The gentleman who posted the FB post below is Nithya Shanti, ex-Buddhist monk and spiritual teacher. A cheerful young man. I know him quite well too.

The story above is relevant not just for businesses but for all employers.

Enjoy the weekend!

The lever America has

China’s banks do much of their international business, mostly conducted in U.S. dollars, from Hong Kong. With Shanghai inside China’s walled garden of capital controls, there is no obvious replacement.

While the U.S. doesn’t directly control Hong Kong’s status as a financial center, Washington has demonstrated its extensive reach over the dollar system, with penalties against Korean, French and Lebanese financiers for dealing with sanctioned parties.

The U.S. recently threatened Iraq’s access to the New York Federal Reserve, demonstrating a growing willingness to use financial infrastructure as a tool of foreign policy.Even though the U.S. can’t legislate Hong Kong’s ability to support Chinese banks out of existence, the role of an international funding hub is greatly reduced if your counterparties are too fearful to do business with you. [Link]

This follow-up piece in WSJ provides facts and figures that reinforce the argument made in the earlier article, cited above.

Surreal global debt issuance data

Some of the eight U.S. investment-grade companies that brought bond sales Thursday helped tip year-to-date supply past $1 trillion at the fastest rate ever. European borrowers passed 900 billion euros ($991 billion) on Wednesday, two months earlier than in 2019, and got up to 921.5 billion euros with Thursday’s haul.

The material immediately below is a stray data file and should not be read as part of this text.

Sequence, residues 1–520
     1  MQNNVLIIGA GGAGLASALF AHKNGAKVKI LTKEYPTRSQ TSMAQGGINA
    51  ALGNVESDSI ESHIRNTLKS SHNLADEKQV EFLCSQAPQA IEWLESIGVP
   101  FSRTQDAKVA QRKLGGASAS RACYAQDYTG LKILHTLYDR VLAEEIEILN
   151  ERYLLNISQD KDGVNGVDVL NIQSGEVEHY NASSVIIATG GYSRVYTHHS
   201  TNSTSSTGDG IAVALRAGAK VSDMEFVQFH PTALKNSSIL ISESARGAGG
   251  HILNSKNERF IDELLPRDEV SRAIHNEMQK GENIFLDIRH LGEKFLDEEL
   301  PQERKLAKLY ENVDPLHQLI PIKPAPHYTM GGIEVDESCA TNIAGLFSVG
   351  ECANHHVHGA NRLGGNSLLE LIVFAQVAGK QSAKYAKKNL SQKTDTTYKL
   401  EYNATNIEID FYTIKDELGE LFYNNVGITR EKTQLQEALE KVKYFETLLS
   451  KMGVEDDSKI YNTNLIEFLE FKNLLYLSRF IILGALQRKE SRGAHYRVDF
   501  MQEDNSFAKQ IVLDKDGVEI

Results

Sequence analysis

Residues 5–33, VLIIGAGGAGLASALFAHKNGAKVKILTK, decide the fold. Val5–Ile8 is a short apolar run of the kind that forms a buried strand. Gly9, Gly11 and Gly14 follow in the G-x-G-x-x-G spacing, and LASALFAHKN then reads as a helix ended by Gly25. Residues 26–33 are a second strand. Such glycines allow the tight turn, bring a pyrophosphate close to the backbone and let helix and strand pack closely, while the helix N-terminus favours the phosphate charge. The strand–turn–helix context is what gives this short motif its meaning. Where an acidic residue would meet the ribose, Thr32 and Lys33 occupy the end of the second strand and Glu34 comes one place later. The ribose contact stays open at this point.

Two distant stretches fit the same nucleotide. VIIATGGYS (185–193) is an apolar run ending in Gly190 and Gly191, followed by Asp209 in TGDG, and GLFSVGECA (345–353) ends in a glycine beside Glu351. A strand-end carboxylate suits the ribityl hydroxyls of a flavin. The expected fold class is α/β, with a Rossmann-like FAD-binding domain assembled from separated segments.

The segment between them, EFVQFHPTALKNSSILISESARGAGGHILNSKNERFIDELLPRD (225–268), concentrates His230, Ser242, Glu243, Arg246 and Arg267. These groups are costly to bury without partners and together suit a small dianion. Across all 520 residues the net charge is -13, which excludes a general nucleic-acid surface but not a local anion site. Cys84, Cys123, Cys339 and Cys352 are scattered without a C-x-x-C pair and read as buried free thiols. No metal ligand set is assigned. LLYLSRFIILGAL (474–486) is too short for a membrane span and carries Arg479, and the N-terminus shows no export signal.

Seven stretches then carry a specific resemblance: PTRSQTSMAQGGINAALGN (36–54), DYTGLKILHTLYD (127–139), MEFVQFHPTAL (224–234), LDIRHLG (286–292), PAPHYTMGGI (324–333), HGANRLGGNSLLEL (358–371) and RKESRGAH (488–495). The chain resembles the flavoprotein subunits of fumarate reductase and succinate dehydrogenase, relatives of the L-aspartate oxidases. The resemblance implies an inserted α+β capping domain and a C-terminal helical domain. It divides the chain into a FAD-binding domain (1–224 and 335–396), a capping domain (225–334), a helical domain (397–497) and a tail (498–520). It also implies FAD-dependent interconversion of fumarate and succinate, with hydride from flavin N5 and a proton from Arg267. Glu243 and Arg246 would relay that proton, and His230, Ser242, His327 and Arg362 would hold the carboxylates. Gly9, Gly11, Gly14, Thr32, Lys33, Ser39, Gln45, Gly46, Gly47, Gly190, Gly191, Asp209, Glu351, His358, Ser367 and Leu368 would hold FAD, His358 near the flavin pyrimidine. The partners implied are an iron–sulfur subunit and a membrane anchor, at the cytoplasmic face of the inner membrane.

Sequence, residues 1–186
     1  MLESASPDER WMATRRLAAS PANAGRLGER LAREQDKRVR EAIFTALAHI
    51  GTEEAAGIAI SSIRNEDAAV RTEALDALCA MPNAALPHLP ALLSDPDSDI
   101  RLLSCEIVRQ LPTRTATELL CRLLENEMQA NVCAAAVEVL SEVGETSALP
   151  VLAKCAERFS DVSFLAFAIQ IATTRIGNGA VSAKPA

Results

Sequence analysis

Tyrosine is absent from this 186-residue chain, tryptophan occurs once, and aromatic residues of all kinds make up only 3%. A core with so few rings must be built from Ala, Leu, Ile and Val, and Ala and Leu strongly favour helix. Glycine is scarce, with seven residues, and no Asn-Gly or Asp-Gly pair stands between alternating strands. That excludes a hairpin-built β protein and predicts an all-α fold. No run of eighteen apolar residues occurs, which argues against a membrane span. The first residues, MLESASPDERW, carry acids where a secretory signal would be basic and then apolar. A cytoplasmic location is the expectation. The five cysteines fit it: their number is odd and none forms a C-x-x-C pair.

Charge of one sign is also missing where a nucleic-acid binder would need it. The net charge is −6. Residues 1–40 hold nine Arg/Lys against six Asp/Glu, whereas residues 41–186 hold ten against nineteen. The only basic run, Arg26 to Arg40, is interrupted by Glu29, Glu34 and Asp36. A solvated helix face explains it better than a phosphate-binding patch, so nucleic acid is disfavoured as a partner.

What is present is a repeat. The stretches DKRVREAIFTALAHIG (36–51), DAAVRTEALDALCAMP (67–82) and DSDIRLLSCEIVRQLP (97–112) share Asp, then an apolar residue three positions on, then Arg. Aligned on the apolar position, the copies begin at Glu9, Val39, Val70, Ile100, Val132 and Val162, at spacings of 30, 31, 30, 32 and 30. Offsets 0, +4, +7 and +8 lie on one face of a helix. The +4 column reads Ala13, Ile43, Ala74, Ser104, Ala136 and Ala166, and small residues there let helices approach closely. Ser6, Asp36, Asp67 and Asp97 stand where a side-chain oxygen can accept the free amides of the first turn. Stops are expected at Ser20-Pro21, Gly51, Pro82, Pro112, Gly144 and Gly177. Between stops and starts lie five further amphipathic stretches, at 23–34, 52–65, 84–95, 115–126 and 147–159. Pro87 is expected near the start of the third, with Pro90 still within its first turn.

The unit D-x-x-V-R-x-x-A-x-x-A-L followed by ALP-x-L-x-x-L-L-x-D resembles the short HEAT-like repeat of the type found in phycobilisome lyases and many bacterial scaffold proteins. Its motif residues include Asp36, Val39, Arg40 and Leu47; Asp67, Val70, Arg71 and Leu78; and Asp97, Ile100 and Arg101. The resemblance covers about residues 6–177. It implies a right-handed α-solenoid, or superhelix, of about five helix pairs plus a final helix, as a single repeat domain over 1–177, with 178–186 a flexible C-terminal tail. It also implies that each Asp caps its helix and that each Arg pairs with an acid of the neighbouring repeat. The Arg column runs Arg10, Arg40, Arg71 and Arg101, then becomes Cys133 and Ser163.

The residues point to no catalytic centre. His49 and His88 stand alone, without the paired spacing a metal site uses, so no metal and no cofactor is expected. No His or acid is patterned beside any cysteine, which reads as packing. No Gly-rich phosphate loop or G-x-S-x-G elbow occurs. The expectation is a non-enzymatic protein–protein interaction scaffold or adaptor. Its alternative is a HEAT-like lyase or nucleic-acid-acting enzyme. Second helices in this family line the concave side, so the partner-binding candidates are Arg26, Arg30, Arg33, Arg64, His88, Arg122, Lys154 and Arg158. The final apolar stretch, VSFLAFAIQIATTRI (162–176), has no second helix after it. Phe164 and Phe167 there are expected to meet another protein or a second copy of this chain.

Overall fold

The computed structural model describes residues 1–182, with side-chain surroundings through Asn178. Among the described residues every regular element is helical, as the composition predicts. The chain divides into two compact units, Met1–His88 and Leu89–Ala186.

Issuance has been rampant since the Federal Reserve and European Central Bank each announced programs to buy corporate bonds in March, enticing borrowers to tap the market at a frantic pace. Credit risk has eased with additional fiscal stimulus, especially from the European Union Wednesday.That’s helped encourage riskier debt sales, including those from hotel chain Marriott International Inc., borrowing in the U.S. market for the second time Thursday in as many months.

Several European banks including Commerzbank AG and Credit Agricole SA sold so-called Tier 2 bonds, a kind of lower-grade debt issued by financial firms.

In Asia, dollar bond sales for the month are at $23.5 billion, putting the region on track for the busiest May ever, even amid mounting geopolitical tensions with China. [Link]